What’s the Difference Between a Heat Pump and a Furnace?

In Washington and Oregon, heating your home is an essential part of the battle against our usual cold and rainy season. There’s nothing better than arriving at your house on a stormy night to find a warm and cozy place waiting for you.

Most households use traditional central furnace systems, but other uses heat pumps: a technology that blends the features of a conventional air conditioner and a heater.

So what is the difference between a heat pump and a furnace?

You may not fully understand the differences between these two home heating systems, but once you fully explore each one, you should be able to determine which one is the best choice for your home.

Heat Pump VS Furnace

How they Work:

Most homeowners are more familiar with furnaces than heat pumps.

A furnace is typically located somewhere in your basement or indoor closet. It uses natural or propane gas to produce heat to your home. Some furnaces can also use electricity to generate heat.

Heat pumps don’t produce heat from a fuel source. Instead, they use electricity and refrigerant to transfer heat from outdoor air to the inside. In heating mode, heat pumps operate like an air conditioner in reverse, and they are even more efficient in the summer in cooling mode.

Efficiency:

Heat pumps can be 30 to 40 percent more efficient than gas furnaces, which will save you electricity costs in the winter season. Because heat pumps move heat rather than generating it, they can supply up to four times more energy than they consume. This efficiency, however, can significantly vary where you live. If you have a cold below freezing winter, go with a furnace. If you have a mild winter, then consider a heat pump or a furnace. One way to increase your heat pump’s efficiency is to size it correctly for your home needs so that it can run continuously even in harsh weathers.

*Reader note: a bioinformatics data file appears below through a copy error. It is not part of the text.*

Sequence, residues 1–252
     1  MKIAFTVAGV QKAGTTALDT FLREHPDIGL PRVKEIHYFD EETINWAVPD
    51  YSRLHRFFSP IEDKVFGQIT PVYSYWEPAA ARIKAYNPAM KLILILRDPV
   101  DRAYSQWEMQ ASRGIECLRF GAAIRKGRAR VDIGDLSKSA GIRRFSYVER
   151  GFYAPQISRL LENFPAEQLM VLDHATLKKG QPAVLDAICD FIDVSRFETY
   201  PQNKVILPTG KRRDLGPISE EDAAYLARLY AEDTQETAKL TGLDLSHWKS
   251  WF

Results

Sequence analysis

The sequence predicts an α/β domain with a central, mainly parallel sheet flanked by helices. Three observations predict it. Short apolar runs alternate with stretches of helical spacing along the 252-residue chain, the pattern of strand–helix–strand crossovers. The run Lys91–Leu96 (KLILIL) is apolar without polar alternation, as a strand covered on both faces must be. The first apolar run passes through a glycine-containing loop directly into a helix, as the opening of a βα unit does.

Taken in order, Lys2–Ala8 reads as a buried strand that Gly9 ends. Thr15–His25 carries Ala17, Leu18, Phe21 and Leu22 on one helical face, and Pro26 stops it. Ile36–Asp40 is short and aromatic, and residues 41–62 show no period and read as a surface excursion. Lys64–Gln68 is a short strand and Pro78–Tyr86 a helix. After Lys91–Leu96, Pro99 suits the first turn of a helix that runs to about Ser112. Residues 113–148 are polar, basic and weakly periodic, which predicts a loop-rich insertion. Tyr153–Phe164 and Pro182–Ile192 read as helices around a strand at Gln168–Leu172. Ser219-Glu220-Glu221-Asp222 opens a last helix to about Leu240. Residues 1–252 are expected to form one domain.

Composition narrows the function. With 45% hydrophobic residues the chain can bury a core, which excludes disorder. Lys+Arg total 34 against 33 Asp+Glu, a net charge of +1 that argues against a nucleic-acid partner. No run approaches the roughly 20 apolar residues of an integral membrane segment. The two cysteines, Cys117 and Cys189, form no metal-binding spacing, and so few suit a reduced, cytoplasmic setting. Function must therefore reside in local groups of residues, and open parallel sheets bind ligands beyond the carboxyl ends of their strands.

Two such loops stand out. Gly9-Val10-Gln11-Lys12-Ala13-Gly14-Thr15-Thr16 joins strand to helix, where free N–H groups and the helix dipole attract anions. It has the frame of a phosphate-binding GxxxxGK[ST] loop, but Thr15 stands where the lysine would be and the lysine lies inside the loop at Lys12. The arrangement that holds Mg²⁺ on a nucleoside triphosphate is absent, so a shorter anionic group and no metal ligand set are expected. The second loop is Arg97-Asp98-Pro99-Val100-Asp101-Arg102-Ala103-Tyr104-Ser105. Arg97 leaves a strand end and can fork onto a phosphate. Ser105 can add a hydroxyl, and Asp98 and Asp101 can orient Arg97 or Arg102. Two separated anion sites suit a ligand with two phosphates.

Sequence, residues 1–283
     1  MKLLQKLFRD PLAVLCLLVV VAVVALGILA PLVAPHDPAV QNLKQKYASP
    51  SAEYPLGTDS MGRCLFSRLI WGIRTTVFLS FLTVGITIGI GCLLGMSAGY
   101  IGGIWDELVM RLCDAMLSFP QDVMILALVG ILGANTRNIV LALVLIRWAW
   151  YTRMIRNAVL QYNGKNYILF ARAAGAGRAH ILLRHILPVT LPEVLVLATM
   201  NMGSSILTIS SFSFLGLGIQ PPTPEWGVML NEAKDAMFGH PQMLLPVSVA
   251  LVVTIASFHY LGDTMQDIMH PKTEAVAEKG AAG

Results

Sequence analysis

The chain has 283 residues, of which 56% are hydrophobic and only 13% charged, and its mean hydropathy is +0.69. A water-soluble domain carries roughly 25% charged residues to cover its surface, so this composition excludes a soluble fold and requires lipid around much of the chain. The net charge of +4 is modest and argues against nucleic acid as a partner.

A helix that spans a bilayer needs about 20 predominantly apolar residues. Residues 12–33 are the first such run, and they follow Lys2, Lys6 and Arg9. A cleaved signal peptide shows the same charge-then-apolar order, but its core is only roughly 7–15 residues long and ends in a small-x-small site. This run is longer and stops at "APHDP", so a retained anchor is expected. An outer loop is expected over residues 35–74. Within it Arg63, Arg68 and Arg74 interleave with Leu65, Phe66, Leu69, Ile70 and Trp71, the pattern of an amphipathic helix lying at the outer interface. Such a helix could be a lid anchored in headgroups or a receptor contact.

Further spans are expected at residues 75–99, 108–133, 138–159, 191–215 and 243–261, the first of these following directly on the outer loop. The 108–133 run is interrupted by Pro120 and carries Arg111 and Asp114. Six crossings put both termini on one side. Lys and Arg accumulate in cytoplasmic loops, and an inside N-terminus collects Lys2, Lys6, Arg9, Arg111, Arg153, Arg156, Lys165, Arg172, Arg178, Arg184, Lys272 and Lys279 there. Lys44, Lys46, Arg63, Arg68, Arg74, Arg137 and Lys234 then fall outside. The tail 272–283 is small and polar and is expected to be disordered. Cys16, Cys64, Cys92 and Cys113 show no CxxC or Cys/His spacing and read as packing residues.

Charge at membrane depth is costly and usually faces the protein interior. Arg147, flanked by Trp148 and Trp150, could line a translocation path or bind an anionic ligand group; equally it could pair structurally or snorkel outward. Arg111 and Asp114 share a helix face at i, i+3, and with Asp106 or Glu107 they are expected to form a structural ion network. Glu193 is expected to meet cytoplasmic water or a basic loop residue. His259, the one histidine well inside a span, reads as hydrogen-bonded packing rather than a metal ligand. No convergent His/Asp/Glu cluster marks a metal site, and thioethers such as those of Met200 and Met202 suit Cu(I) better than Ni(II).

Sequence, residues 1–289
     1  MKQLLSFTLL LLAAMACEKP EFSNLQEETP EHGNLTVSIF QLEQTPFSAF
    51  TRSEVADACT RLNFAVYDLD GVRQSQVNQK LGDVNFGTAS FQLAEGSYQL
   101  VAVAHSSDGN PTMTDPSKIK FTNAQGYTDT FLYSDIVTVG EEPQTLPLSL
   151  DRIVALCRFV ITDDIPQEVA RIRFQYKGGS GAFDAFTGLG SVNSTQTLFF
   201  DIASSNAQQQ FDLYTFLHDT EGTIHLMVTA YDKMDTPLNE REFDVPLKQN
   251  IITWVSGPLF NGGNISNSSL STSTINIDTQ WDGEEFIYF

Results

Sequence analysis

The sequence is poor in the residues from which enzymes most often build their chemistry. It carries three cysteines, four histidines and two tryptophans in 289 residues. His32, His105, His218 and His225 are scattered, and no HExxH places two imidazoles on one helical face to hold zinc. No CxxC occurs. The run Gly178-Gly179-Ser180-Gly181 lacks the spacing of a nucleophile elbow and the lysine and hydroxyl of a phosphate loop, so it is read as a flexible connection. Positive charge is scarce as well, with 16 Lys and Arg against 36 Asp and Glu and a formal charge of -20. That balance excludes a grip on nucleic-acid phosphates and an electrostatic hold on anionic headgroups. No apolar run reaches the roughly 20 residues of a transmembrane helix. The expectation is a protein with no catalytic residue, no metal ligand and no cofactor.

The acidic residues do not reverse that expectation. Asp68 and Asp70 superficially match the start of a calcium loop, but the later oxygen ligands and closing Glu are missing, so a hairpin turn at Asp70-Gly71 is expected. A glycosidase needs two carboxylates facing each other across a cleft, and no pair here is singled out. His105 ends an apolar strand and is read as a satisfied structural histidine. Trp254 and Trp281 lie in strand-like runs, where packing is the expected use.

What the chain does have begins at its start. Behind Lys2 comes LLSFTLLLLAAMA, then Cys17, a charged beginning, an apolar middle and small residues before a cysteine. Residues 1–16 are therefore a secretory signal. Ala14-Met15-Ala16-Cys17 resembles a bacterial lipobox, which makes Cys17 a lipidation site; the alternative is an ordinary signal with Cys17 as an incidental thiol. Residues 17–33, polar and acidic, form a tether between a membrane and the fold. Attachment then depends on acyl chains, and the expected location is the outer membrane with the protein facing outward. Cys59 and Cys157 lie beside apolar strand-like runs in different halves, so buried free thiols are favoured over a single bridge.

Furnaces with the label of Annual Fuel Utilization Efficiency (AFUE) rating are high-efficiency furnaces that will help you save money per month. Just remember, with both furnaces and heat pumps, it is vital to size them right to your house and ensures that you have clean and well-insulated ductwork to maximize your unit’s efficiency.

Cost:

There are various determining price factors you should take into account when deciding between a gas furnace and an electric heat pump. The first is the difference in electricity rates (for a heat pump) and gas rates (for a furnace) in your area. The second is the cost of the system themselves. Depending on the climate in which you live, a heat pump can provide your home with year-round heating and cooling. If you prefer to go with the gas furnace, then you must have a separate cooling unit in your home. This can determine the difference between buying one equipment (the heat pump) or buying two large appliances (gas furnace and air conditioner.)

Which is the Best Choice?

A traditional furnace could be the best option if you have access to natural gas. It also makes sense to choose furnace if you recently installed a new air conditioner and don’t want to deal with adding a backup heat source.

Heat pump installation may be a better option if you have no natural gas lines leading to your home. Electricity tends to be more costly than natural gas, but because heat pumps work tremendously efficient, you will save money with an electric heat pump compared to an electric furnace. It’s also the more cost-effective option if you’re thinking of replacing your air conditioner, as the heat pump can replace this equipment.

If you still don’t know what’s best for your home, you can contact Einstein Plumbing, Heating, and Cooling today. We can help you achieve the best heating and cooling solutions for your needs. Contact us by calling 888-671-7767 or email [email protected] We offer a full range of water heater, heating and cooling, sewer & mainline, and plumbing services throughout Oregon, Washington, and Nevada.

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